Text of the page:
What Time Of Day Should You Eat Spice-Filled Food?

When you think of foods packed with spices and herbs, you probably think about dishes such as biryani, mole, curry, and pho. While these ingredients always help to add that extra boost of flavor, there are also nutritional benefits to enjoying certain spices in your meal.

John Hopkins Medicine tells us that spices such as turmeric, ginger, and cayenne may actually have some modest health benefits, such as reducing inflammation, getting rid of nausea, or even providing pain relief. In some cases, adding some spices to your favorite foods may even help reduce allergies. Although more research is needed, the versatility of spices can allow you to enjoy these natural cures in a variety of tasty ways. 

For all this talk about the delicious, nutritious benefits of spices, there are some people who may not be able to enjoy these benefits as fully as others. Some people, according to Kean Health, may be genetically predisposed to not tolerate spices particularly well. One person may be able to eat an incredibly spicy dish without much trouble, while another person may complain that even cinnamon is enough to get their tongue burning. Just as there are people who can eat practically any dish without issue, there are those who naturally struggle with spice, resulting in minor but annoying pains such as heartburn or acid reflux.

According to one registered dietitian, however, there may be a "correct" time to enjoy spice-heavy foods and avoid those common pains.

You may want to eat spicier foods earlier in the day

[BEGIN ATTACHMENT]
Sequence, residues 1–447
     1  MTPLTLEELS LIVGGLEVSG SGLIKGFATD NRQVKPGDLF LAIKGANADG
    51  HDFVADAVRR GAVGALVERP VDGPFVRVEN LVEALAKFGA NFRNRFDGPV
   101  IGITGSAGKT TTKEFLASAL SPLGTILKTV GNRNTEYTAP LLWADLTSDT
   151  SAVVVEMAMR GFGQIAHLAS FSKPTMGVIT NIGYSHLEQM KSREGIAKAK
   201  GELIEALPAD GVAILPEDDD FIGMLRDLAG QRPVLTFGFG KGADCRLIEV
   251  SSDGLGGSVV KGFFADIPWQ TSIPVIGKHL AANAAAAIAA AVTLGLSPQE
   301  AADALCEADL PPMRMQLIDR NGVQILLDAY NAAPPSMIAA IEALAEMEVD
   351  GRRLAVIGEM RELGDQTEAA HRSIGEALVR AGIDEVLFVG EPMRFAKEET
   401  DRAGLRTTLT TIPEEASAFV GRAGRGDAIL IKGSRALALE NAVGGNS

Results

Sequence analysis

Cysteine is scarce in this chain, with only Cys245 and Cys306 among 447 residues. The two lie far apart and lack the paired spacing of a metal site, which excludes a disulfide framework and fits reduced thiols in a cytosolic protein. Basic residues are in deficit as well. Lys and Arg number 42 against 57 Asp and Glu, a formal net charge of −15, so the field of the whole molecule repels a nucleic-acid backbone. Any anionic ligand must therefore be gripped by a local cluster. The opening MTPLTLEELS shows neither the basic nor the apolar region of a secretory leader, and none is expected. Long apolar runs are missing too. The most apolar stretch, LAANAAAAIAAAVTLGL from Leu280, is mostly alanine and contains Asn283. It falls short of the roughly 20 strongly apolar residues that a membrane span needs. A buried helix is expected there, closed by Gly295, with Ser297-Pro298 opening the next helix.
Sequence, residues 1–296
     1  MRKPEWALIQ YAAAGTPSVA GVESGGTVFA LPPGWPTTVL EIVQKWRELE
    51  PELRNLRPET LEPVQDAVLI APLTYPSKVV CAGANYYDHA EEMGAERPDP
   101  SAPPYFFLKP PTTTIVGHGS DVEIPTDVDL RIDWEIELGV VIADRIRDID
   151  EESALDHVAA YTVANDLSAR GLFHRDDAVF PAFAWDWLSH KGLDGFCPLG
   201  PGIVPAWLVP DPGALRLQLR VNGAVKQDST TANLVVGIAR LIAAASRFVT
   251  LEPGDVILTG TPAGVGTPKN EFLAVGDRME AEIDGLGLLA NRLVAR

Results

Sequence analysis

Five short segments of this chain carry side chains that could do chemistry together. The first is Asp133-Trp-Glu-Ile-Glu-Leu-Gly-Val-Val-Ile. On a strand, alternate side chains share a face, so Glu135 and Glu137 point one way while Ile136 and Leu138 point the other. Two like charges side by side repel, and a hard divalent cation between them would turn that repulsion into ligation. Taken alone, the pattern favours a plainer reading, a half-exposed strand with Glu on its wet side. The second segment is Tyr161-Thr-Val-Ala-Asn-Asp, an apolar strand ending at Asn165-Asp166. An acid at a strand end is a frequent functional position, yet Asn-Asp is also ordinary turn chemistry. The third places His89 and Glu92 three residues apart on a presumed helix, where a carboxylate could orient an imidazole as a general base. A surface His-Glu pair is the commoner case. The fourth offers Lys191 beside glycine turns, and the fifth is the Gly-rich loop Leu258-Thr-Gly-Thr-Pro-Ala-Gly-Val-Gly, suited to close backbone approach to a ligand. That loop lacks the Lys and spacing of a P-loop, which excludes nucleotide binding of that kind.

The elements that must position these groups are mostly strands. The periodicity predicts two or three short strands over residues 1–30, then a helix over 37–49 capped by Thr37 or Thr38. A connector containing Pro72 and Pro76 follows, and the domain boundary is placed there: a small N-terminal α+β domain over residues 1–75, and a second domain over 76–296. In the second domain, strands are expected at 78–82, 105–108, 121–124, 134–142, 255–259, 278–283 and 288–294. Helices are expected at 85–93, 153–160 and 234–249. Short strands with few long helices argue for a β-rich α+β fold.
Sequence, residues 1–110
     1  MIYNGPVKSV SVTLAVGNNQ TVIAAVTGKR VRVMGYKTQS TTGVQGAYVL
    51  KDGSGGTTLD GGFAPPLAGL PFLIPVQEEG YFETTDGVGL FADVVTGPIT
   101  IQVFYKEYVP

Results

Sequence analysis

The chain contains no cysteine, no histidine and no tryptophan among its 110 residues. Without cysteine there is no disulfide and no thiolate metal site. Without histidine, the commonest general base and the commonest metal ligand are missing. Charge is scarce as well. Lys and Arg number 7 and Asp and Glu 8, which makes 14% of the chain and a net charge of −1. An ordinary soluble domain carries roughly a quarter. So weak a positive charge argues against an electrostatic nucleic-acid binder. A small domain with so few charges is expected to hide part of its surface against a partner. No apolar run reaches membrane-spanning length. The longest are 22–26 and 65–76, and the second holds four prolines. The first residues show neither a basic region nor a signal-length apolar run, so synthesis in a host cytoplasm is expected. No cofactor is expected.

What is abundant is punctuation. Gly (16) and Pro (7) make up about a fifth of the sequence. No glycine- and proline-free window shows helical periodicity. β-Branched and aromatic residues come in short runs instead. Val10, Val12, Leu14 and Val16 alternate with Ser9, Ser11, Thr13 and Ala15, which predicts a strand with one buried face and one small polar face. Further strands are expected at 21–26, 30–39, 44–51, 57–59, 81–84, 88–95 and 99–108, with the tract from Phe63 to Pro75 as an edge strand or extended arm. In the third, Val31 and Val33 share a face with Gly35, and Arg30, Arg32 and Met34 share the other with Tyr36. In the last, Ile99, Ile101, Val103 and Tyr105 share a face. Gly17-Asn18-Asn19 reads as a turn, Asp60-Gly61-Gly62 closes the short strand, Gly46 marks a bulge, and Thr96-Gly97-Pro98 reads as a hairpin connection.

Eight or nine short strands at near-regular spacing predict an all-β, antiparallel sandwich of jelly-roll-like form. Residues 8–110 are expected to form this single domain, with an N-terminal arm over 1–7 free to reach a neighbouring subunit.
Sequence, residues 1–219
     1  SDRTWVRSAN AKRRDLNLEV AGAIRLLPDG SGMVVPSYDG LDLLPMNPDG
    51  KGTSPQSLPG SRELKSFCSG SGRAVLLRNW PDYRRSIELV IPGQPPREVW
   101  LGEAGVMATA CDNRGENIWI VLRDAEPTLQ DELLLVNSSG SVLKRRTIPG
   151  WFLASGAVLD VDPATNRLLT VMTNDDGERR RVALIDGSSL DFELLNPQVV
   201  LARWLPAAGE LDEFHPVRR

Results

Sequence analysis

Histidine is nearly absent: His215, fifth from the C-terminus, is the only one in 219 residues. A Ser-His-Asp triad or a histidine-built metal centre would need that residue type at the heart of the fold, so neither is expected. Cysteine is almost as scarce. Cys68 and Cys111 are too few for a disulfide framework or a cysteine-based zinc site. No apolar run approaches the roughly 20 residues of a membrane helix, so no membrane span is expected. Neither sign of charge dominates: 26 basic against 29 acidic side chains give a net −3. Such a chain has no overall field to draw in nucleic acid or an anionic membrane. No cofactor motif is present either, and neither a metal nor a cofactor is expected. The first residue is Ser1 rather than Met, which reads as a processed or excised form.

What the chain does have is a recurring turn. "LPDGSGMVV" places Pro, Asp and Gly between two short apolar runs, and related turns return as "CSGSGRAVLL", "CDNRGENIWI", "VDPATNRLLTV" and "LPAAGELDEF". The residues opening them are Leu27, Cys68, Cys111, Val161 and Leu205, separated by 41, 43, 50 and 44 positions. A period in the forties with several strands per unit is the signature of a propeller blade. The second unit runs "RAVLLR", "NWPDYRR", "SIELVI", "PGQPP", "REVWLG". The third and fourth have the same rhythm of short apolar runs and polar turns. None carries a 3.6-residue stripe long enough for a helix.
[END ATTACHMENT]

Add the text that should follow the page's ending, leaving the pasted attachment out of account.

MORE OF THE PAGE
While you may be in the mood for some hot wings or some pepper-packed takeout for lunch, it's best to wait a little later in the day to satisfy your craving for spicy snacks. This advice comes courtesy of Supriya Lal, RD, MPH, who spoke to Mashed about the best time to eat spice-heavy foods.

While Lal admits that the timing of one's meal "typically does not correlate with increased or decreased [spice] absorption," she notes that "consuming spices later in the day might be easier" for "individuals with certain health conditions such as GERD or acid reflux." That's not a hard-and-fast rule, though. She also explained to HuffPost that for those who may be able to handle spicier foods a bit better, eating them earlier in the day is recommended.

There are ways to lessen the effects of spice-induced discomfort, too. "A good way to prevent heartburn when consuming a large amount of variety of spice is to pair it with some sort of base, such as yogurt, which can act as a neutralizer to calm discomfort," Lal says. "Additionally, you can consider avoiding drinking alcohol while eating a spice-heavy meal to reduce the amount of discomfort felt."

Perhaps the most key piece of advice Lal gives is to stick with what works for you. "Everyone's preferences and comfort level varies, so I encourage individuals to consume a variety and intensity of spice according to their preference," she says.